FIG. 1 is a diagram of the system, showing the relationship between the control panel, the positioning device, the camera, the stage, and the monitor.
FIG. 2 is a diagram of the control panel.
FIG. 3 is a perspective view of the positioning system, showing how the positioning system moves the camera around above the stage.
FIG. 4 is a perspective view of the first motor and associated belts, showing how the motor makes the belts and turning rod rotate.
FIG. 5 is a perspective view of the belt system, showing how the second belts are connected to the turning rods and mounting plates.
FIG. 6 is a perspective view of the rubber belt system, showing how the rubber belt is connected to the second motor and the mounting plates.
FIG. 7 is a wiring diagram of a representative switching circuit for the different motors.
DETAILED DESCRIPTION OF PREFERRED EMBODIMENTS
Referring now to the figures, a preferred embodiment of the system is shown in FIG. 1. FIG. 1 shows an X-Y video camera support and positioning system. The positioning device 100 receives input from a control panel 200, which allows precise positioning of a video camera 300 above a stage 500. Any type of material may be placed on the stage 500, but it is anticipated that items such as drawings, books, newspapers, magazines and pictures will be used most commonly. The images from the video camera 300 are output onto a monitor 400, where they are displayed. Examples of monitors are television sets and computer monitors. Magnification of the image is controlled by the video camera 300, and available magnifications will vary from model to model. In a preferred embodiment, stage 500 and positioning device 100 will be in a self-contained unit, connected by mounting wall 600. Preferably, the mounting wall will have an opening at the bottom so that large items, such as newspapers, will not have to be folded up against the mounting wall in order to be read. Rather, the portion of the page not being read will stick through the opening at the base of the mounting wall.
In a preferred embodiment, the camera 300 is permanently mounted perpendicular to the stage 500, and the positioning device 100 moves the camera in a plane perpendicular to the camera 300 and parallel to the stage 500. In other embodiments, however, the camera 300 may swivel side to side (although this would create a slightly skewed picture).
The control panel 200, illustrated in FIG. 2, contains four buttons, an up button 202, a down button 204, a left button 206 and a right button 208. The user will have to position items in the correct orientation on the stage so that the four buttons correspond to actual up, down, left and right movement. When correctly aligned, the user uses the control buttons to place the video camera over the item on the stage, and views a magnified image on the monitor. For example, to read a book using the system, the user would use the control buttons to find the upper left portion of a page, then pan to the right using the right control button 208, then back to the left and down using the left 206 and down 204 control buttons. The user would repeat this process all the way down the page, and then repeat the whole process for the next page. In another embodiment, rather than utilizing a four button control panel, a joystick would be used.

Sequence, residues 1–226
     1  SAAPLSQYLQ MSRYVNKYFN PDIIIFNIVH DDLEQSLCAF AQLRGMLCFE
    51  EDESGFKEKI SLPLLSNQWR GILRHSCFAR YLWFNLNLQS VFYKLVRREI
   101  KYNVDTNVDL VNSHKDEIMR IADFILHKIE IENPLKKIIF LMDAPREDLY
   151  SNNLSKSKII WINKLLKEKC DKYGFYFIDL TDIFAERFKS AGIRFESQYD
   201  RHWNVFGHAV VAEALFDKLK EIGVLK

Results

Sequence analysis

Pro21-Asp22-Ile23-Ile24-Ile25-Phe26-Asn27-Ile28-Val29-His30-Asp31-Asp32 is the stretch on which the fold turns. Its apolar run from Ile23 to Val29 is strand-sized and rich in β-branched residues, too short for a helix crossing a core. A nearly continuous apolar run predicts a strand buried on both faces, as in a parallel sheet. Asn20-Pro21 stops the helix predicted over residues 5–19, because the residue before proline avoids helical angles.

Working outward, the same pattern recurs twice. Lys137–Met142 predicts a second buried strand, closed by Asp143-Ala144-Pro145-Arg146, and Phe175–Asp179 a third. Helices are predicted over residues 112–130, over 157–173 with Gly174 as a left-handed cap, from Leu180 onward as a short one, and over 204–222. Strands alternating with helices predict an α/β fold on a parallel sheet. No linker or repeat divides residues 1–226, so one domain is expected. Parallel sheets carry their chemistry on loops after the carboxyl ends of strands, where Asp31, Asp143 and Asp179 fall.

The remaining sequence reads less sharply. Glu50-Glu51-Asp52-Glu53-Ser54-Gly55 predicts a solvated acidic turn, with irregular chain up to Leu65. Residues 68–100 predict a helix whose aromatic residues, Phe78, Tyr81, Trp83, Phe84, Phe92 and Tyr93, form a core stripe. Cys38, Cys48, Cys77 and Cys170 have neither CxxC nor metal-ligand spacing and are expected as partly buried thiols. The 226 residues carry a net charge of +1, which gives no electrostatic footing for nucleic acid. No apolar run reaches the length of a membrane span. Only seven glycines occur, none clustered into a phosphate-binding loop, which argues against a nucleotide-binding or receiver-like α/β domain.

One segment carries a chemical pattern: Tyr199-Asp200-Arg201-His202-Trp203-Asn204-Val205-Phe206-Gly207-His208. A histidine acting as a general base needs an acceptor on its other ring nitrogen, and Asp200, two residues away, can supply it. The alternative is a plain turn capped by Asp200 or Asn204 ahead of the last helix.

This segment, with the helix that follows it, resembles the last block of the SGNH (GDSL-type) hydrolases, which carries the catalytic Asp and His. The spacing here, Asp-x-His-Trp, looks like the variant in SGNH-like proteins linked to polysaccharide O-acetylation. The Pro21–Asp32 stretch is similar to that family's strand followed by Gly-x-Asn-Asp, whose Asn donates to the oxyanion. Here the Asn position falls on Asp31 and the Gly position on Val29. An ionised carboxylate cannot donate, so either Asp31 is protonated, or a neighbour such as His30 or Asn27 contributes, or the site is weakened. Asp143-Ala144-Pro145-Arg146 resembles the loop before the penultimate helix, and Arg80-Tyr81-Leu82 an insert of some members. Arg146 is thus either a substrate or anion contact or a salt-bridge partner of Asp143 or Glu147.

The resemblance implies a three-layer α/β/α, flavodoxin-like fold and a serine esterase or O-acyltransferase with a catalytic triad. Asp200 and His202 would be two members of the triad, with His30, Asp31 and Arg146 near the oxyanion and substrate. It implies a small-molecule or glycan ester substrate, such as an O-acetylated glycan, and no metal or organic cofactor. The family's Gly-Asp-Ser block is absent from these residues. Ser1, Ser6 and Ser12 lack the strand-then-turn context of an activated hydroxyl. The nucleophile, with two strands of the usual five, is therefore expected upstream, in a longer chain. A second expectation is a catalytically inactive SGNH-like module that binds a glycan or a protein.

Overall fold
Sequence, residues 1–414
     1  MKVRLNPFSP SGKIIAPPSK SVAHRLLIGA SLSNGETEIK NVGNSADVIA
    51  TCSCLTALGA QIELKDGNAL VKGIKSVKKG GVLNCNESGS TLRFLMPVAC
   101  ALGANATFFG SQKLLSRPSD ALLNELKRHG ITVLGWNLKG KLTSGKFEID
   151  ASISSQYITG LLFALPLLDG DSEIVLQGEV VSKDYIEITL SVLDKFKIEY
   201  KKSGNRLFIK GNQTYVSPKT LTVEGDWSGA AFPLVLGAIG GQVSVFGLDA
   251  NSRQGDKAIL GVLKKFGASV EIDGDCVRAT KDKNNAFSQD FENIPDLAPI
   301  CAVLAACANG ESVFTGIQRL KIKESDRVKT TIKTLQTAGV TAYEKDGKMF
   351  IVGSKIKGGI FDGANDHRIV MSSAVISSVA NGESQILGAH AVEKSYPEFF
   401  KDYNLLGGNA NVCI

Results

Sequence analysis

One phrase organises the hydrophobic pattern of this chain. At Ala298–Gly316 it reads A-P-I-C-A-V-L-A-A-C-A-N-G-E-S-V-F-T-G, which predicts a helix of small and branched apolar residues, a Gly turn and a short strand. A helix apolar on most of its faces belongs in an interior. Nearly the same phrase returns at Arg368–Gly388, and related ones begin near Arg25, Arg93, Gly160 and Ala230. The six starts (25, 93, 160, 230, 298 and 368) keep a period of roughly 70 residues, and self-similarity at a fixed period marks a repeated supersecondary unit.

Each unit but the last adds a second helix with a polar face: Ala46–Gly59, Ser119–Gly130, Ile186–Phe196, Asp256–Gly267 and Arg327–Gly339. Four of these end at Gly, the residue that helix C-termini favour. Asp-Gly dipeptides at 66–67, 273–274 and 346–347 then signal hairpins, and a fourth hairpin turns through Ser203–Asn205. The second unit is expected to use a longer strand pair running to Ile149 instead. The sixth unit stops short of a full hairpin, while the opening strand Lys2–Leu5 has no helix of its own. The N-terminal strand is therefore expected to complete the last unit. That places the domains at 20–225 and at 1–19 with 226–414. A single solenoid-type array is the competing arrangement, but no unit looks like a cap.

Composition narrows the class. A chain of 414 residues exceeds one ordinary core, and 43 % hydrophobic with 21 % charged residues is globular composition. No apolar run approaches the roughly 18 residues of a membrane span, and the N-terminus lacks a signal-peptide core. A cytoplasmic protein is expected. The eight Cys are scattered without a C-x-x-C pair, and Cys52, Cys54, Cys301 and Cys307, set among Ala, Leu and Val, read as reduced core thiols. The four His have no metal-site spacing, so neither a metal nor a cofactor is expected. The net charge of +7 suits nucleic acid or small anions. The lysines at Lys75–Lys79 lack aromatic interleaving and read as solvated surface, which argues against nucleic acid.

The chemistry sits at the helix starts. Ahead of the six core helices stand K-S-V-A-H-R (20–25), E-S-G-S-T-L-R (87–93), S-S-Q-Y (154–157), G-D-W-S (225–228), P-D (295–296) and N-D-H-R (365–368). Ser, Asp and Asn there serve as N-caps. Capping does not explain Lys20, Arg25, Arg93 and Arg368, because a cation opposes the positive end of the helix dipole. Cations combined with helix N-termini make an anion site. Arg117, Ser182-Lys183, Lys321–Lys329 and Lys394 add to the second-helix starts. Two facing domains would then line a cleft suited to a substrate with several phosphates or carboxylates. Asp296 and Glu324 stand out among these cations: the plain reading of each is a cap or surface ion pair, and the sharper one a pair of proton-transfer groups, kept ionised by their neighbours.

FIG. 3 illustrates how the positioning device 100 receives instructions from the control panel 200 and maneuvers the camera 300 accordingly. The positioning device contains a first set of parallel rods 102 and a second set of parallel rods 104. These rods are preferably stainless steel and male threaded on their ends. Other possible materials include aluminum, plastic, vinyl, and any other material from which cylindrical rods are made. Stainless steel is preferable because of its uniformity and rigidity. The rods can be of any length, but should be longer than any material anticipated being used on the stage. Preferably the rods are twenty inches in length. The video camera 300 is held inside a carriage 106 by set screws 126. The camera has a control area 302 and a lens 304. The control area 302 has controls for adjusting the magnification and focus. Alternatively, a camera with manual focus and manual zoom may be used.
The carriage lies along the second set of parallel rods 104. The first set of parallel rods 102 are connected at their ends to perimeter plates 112, connected by nuts 114 over the threads of the rods 102. Alternatively, the rods could be welded to the perimeter plates. The perimeter plates 112 are preferably constructed of aluminum, but may alternatively be constructed of any metal or plastic strong enough to keep the positioning device 100 rigid. The positioning device 100 may be connected to mounting wall 600 by wall connector plates 108 and turnbuckles 116. The mounting wall 600 can be any material, but preferably is matched to the surrounding furniture of the user's living area. The wall connector plates 108 attach to the mounting wall by screws 110. Other items instead of screws may be used, however, such as nails or lag screws. For most of the connections on the positioning device, screws and bolts are preferable to more permanent connections such as welds. The reason for this is that screws and bolts give the user of the positioning device a much higher degree of control over the system, allowing the user to easily fix any problems with carriage movement caused by rods no longer being parallel, one rod being slightly higher than another, etc.